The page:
George Lucas' retirement from blockbuster filmmaking recently will save us from more Jar-Jar Binkses, but it could also reveal a side of the director not seen since the 70s…
When George Lucas used a January New York Times interview to announce his retirement from blockbuster moviemaking, the internet celebrated. No, scratch that. It didn’t just celebrate. It partied like Rebel forces on the forest moon of Endor. No more prequels! No more Howard the Ducks! No more nuked fridges and Jar-Jar Binkses! Grab the nearest Ewok and boogie on down.
In fairness to the digital jury, Lucas’s retirement from blockbusters is indeed a good thing. But not for the reasons the message boards would have you believe. Lucas‘s new career path means he‘s now going to focus on smaller, less mainstream fare, and for anyone with an interest in his filmmaking beyond the galaxy far, far away, that is most definitely cause for good cheer.
Go all the way back to the start of Lucas’s career and you’ll find THX 1138. Lucas’s debut, this nightmarish sci-fi is light years away from Star Wars in terms of tone and theme, taking us into a world where the empire has won. It’s decidedly arthouse and one of the most intriguing and complex films of the '70s. If Lucas is true to his word, this is the template for his filmmaking from now on.
THX 1138 takes place in an unspecified future and stars Robert Duvall as the eponymous hero who, like everyone in his society, is kept down by an oppressive regime that feeds its citizens emotion-quelling drugs. The film is an expansion of Lucas’s short Electronic Labyrinth: THX 1138 4EB, which was made during his time at the University of Southern California in the late '60s. Fifteen minutes long, it features minimal dialogue, next to no character development and a wafer-thin story that is heavily indebted to 1984.
What makes it stand out though is its dazzling visual quality. Electronic Labyrinth was one of a number of abstract shorts Lucas made while at USC. In his younger years, the budding director fell under the spell of ‘pure cinema’, a filmmaking theory which argues that films should tell their story solely through sound and vision, rather than narrative and characters. Electronic Labyrinth was Lucas‘s most successful ‘pure cinema’ film, and after seeing it Francis Ford Coppola asked him to expand it into a feature and make it the first release from his newly-founded American Zoetrope studio.
The longer length, shorter titled, THX 1138 displays all the visual wizardry of its younger brother. Even the title sequence, which features swampy green text running down rather than up a jet black background, is a haunting experience. Set against Lalo Schifrin’s eerie synthesizer score, this functional filmmaking tool becomes a powerful mangle of sound and vision that’s perfectly used by Lucas to unsettle the audience and distort their perspective. Welcome to another world, it says with a glint in its eye.
Looking back on THX, Lucas said that he wanted that world to feel as grounded as possible and the film to seem like "a documentary from the future". He achieved that goal by creating a smart juxtaposition between visuals and characters. Our heroes have jobs, they watch TV, they go about their everyday lives like there's nothing wrong. Their existence is no different from our own and their reactions to the world around them are similarly normal. What they're reacting to, however, is anything but.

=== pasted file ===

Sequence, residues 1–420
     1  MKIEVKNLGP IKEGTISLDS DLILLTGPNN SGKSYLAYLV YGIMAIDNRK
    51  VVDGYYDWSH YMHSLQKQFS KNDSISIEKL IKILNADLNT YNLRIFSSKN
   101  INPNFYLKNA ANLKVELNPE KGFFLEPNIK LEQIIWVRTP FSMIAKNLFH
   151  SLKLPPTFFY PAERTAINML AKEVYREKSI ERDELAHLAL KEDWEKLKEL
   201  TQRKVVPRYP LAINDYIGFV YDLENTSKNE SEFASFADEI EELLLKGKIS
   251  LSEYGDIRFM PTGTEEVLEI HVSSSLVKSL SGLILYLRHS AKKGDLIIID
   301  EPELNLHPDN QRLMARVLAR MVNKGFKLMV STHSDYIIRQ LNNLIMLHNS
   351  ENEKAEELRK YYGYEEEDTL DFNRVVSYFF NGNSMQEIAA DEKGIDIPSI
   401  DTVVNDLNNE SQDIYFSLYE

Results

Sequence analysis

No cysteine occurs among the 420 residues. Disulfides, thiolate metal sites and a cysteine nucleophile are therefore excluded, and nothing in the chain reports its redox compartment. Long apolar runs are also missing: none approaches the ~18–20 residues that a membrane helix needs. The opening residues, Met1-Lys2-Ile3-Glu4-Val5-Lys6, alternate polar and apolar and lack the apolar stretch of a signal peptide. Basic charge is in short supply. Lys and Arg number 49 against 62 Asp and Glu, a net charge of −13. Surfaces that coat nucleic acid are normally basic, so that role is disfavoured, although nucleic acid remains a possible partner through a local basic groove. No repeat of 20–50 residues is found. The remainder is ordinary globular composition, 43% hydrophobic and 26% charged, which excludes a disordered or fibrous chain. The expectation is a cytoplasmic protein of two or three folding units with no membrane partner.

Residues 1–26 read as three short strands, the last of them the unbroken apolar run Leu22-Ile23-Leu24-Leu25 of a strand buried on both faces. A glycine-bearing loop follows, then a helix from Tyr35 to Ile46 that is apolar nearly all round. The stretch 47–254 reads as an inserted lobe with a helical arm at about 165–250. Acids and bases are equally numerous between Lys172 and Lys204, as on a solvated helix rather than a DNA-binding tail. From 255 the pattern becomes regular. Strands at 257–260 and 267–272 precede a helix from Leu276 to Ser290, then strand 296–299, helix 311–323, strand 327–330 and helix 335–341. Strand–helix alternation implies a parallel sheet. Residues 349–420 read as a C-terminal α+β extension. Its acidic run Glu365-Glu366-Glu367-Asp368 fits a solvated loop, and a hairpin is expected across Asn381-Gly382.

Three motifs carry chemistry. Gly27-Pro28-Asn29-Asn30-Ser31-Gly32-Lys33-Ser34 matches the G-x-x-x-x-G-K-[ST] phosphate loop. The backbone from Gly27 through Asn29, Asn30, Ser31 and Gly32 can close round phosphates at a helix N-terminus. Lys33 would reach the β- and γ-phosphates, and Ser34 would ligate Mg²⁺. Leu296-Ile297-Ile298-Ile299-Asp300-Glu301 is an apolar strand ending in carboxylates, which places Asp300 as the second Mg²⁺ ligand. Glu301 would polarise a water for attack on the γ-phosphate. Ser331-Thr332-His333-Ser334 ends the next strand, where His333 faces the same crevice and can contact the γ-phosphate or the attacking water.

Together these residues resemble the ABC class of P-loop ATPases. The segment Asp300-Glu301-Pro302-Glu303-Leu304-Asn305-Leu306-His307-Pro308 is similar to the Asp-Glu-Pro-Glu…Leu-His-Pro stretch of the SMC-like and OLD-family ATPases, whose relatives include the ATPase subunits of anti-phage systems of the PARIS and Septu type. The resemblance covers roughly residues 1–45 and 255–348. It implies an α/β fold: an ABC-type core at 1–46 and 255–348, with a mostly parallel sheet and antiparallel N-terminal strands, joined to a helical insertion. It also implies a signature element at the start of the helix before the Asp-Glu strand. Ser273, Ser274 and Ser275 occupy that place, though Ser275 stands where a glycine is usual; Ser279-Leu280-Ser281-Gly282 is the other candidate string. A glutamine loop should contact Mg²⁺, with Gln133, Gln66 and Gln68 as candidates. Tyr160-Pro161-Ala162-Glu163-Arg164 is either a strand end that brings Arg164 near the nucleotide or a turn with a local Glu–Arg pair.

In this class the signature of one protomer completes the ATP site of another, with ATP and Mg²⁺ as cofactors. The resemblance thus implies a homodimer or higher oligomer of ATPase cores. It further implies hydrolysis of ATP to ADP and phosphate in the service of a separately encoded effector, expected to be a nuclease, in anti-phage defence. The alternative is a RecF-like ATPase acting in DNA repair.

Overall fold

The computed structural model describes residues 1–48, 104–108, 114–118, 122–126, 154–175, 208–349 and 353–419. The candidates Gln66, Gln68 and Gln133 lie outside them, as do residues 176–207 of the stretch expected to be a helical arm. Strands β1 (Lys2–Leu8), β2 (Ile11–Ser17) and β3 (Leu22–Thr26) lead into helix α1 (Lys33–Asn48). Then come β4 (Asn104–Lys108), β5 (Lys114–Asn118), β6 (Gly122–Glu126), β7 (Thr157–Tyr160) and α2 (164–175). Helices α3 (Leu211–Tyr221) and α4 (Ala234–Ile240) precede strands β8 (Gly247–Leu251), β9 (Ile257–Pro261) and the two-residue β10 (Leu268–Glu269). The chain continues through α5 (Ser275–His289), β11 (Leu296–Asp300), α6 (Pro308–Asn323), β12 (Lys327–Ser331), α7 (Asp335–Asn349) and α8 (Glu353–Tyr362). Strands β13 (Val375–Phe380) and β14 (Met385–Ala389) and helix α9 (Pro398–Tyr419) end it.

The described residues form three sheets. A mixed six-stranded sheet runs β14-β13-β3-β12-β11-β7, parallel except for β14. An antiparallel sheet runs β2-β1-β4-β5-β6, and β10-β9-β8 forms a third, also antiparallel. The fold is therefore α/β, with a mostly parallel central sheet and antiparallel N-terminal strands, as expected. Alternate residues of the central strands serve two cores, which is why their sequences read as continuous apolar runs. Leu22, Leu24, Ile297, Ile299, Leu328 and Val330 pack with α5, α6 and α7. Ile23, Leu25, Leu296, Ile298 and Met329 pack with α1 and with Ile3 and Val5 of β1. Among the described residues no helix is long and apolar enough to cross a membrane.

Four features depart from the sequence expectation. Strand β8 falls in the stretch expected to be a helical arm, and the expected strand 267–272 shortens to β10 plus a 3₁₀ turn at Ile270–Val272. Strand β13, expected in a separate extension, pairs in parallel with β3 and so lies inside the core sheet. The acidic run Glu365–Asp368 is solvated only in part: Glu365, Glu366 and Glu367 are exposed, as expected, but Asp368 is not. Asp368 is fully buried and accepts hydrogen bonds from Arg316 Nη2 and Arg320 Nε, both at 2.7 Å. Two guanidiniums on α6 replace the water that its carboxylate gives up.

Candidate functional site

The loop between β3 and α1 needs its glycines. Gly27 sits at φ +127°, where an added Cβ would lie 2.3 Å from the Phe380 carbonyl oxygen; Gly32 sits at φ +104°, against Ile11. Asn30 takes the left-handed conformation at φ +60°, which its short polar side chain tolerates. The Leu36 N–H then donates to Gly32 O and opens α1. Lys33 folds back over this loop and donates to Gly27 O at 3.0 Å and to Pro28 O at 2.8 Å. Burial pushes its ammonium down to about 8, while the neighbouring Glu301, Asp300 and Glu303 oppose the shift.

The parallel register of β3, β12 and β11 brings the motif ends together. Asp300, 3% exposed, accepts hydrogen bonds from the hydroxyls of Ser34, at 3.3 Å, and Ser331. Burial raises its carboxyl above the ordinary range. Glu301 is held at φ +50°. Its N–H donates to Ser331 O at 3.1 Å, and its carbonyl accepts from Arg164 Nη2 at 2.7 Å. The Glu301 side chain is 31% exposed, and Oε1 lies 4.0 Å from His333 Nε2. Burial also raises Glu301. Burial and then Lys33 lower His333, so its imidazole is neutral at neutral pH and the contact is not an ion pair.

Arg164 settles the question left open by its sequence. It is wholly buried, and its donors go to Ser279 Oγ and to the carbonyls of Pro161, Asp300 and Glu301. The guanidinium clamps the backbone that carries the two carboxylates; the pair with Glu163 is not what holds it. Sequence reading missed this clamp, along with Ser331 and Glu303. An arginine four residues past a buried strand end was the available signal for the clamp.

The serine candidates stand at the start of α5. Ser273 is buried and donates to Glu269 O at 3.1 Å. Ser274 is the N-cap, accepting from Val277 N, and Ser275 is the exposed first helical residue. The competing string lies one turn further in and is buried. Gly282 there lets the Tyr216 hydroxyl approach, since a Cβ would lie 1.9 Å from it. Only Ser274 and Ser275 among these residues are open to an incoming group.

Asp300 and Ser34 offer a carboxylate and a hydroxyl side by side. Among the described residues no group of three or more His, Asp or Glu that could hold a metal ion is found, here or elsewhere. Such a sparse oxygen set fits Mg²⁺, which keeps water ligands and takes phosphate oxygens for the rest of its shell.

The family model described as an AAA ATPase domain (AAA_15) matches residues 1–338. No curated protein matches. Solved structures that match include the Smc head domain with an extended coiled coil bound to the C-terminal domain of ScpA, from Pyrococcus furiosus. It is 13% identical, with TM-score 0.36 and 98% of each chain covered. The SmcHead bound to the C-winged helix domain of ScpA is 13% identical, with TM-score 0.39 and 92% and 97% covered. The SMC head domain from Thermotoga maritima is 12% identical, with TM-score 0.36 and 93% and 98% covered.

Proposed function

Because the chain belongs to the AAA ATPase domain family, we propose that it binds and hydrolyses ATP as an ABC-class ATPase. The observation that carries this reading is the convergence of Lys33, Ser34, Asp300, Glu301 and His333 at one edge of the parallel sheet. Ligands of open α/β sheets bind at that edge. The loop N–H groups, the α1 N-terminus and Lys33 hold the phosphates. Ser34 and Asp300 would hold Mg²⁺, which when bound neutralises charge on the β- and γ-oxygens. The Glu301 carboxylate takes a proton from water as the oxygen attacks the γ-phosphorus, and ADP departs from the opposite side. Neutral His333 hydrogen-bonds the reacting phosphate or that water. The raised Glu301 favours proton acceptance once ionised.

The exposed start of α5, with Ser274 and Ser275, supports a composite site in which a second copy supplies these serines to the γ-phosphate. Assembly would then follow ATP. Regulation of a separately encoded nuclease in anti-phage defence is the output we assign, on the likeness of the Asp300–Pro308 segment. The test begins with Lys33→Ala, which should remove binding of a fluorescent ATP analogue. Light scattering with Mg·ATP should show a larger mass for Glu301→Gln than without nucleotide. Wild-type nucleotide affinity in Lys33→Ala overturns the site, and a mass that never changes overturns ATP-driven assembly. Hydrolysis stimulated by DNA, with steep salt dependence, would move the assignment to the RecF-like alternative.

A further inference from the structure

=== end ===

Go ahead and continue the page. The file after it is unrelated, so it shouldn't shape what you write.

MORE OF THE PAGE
THX is a vision of a world created by the perfecting hand of technology. All pristine whites and immaculate structures, it brings to mind 2001: A Space Odyssey, which also made heavy use of whites. Kubrick used this clean aesthetic to ironically comment on man’s bid for perfection and his inability to attain it in an unknowable universe. Lucas’s intentions are less grand, though no less philosophical. His whites are more distancing than ironic. They are alien and alienating, stripping humans of their humanity.
Lucas enforces this isolation with his shooting style. His camera shifts uneasily from extreme wide shots to extreme close ups so the characters feel both trapped in and separate from their surroundings. His use of fades creates a similarly haunting effect. Scenes don’t cut neatly into each other, they lurch softly, suggesting a lethargy that reflects his characters’ disconnect. Faster, more intense would be the mantra on A New Hope; here it’s slower, more apathetic.
Lucas himself is anything but apathetic though. Pre-empting the rash of paranoid thrillers that would dominate post-Watergate America, THX is about surveillance, authority and mistrust. Lucas’ shooting style serves not only to show us the effects of these things, but also to envelop us in them. Through watching the film, we become as suffocated as the characters within it, and we are galvanized because of that involvement. At the end of A New Hope we feel like we can take on an empire; at the end of THX 1138, we feel like we must.
The film’s final shot features its sole natural element: a giant, raging sun. It’s a scene echoed in the famous dual suns sequence from A New Hope and the link serves as a potent reminder of Lucas’s approach to storytelling. We think of him now (for better or worse) as a writer, a creator of myths, but Lucas remains a student of ‘pure cinema’, a man obsessed with the storytelling capacity of the image. Perhaps that’s why his scripts often flounder: give him a pen and he’d probably prefer to draw with it.
By withdrawing from the narrative-driven world of mainstream cinema, Lucas is opening up a new chapter in his filmmaking that should excite all movie fans. It may not produce a film as good as THX 1138 and it’s unlikely to change the blockbuster scene he helped create or expand the tastes of those who devour its products. But with his money and power, the possibilities for interesting, unique films are endless. Slowly but surely, the man is re-emerging from the machine.
George Lucas has a new hope.